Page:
A study into the melting of the Antarctic ice sheet shows how it could cause multi-meter rise in sea levels by the end of the millennium. The conclusion of the Hokkaido University research predicts that continued global warming under current trends will lead to an elevation of the sea level by as much as five meters by the year 3000 CE (Common Era).
The cryosphere is the part of the Earth system comprised of frozen water: ice sheets and glaciers, snow, permafrost and sea ice. As the climate warms, the inevitable response of the cryosphere is enhanced melting. The biggest consequence of this process is with Antarctica.
The focus of the research was upon the long-term perspective for the Antarctic ice sheet beyond the 21st century under global-warming conditions. This formed part of the Ice Sheet Model Intercomparison Project for the Coupled Model Intercomparison Project Phase 6 (ISMIP6). The researchers used the ice-sheet model SICOPOLIS (SImulation COde for POLythermal Ice Sheets) to extend the ISMIP6 through a new series of simulations.
ISMIP6 is part of the World Climate Research Programme (WCRP).the organization is dedicated to addressing frontier scientific questions related to the coupled climate system.
The simulations looked at the total mass change of the ice sheet, regional changes in West Antarctica, East Antarctica and the Antarctic Peninsula, and also the different contributors to mass change.
The simulations of mass loss of the Antarctic ice sheet show that, by the year 3000, the unabated warming pathway produces a sea-level equivalent of as much as 1.5 to 5.4 metres. In contrast, if emissions can be reduced in line with global commitments, the sea level equivalent drops to 0.13 to 0.32 metres.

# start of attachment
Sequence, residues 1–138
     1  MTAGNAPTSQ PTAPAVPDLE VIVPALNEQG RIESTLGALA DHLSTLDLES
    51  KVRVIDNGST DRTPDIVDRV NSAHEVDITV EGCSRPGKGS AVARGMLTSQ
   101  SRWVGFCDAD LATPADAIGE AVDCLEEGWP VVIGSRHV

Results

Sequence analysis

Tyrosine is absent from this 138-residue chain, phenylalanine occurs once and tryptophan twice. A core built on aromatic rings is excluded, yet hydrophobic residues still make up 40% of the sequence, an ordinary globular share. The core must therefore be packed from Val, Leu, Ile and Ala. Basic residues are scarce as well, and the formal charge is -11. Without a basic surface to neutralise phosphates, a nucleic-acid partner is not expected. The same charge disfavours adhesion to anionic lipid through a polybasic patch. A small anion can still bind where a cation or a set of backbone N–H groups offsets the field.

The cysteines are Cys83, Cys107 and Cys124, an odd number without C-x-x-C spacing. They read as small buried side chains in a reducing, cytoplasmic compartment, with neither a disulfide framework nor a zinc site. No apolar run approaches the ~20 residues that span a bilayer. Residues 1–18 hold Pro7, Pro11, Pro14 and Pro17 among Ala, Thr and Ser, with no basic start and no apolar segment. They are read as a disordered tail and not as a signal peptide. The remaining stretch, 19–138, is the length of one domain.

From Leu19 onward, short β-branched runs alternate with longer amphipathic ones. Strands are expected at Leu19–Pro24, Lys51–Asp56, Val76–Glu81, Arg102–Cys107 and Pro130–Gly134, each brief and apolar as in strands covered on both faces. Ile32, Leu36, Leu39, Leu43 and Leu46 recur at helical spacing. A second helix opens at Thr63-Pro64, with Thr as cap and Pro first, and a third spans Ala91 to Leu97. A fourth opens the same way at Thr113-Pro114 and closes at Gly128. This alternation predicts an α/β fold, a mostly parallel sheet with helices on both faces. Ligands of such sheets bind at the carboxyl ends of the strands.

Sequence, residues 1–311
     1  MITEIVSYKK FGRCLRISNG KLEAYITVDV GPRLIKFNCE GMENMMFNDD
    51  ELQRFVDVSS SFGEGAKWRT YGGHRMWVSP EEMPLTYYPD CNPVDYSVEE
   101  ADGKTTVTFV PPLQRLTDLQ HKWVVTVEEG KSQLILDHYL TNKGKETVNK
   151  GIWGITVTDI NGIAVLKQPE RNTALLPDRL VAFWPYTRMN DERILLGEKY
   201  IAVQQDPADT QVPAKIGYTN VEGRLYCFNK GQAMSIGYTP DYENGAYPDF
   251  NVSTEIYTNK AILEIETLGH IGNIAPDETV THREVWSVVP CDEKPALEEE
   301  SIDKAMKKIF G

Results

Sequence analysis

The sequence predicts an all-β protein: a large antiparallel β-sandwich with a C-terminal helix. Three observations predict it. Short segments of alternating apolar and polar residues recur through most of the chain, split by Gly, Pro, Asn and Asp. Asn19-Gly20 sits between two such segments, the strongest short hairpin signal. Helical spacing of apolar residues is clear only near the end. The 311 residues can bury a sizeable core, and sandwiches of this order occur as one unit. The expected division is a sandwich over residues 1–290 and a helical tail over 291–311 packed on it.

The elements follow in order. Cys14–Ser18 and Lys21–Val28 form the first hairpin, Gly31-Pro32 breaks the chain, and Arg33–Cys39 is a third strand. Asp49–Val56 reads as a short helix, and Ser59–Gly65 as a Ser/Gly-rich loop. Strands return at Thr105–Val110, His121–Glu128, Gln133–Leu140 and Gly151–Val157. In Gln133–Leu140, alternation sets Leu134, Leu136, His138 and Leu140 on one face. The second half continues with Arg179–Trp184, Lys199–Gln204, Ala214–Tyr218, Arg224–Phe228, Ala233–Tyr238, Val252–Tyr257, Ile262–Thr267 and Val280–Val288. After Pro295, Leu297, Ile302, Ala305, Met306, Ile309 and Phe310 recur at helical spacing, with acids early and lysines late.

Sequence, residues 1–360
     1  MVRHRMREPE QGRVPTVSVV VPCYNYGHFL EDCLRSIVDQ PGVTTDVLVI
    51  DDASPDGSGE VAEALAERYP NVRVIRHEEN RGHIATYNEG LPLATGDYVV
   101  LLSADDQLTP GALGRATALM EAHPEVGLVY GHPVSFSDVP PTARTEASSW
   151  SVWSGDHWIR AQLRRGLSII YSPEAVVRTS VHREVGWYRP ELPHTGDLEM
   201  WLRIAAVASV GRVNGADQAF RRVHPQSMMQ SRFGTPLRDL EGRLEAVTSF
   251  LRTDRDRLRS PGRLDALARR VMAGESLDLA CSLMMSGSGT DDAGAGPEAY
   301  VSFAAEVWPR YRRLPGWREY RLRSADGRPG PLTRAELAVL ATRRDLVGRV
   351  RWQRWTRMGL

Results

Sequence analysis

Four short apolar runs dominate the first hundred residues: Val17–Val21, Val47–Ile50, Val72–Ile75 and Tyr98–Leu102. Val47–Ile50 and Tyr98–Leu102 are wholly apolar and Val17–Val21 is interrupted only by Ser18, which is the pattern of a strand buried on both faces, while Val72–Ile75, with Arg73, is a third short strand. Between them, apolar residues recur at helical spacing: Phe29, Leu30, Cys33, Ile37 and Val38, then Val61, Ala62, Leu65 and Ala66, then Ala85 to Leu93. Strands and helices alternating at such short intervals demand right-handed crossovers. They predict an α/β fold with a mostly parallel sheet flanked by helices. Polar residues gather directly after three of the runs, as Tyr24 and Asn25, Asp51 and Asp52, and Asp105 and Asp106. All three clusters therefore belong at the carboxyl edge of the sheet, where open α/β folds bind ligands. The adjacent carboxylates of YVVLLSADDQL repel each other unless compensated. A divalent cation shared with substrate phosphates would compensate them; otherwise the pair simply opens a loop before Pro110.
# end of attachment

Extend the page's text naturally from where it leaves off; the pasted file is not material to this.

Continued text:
What is important about the research is that the impact of climate change today on the Antarctic ice sheet extends well beyond the 21st century itself.
The research connects with the growing body of evidence suggesting the acceleration of Antarctic ice-mass loss in recent decades may mark the begin of a self-sustaining and irreversible period of ice sheet retreat and substantial global sea level rise.
Reducing global emissions and tackling global warming could see the eventual stabilization of the ice sheet but when this might happen is unknown. Stabilization is dependent upon how much future climate warming occurs.
In the meantime, the major risk is that as the sea level rises, large areas of densely populated coastal land are at risk from becoming uninhabitable.
The new research appears in the Journal of Glaciology, titled “Mass loss of the Antarctic ice sheet until the year 3000 under a sustained late-21st-century climate.”
Source: Digital Journal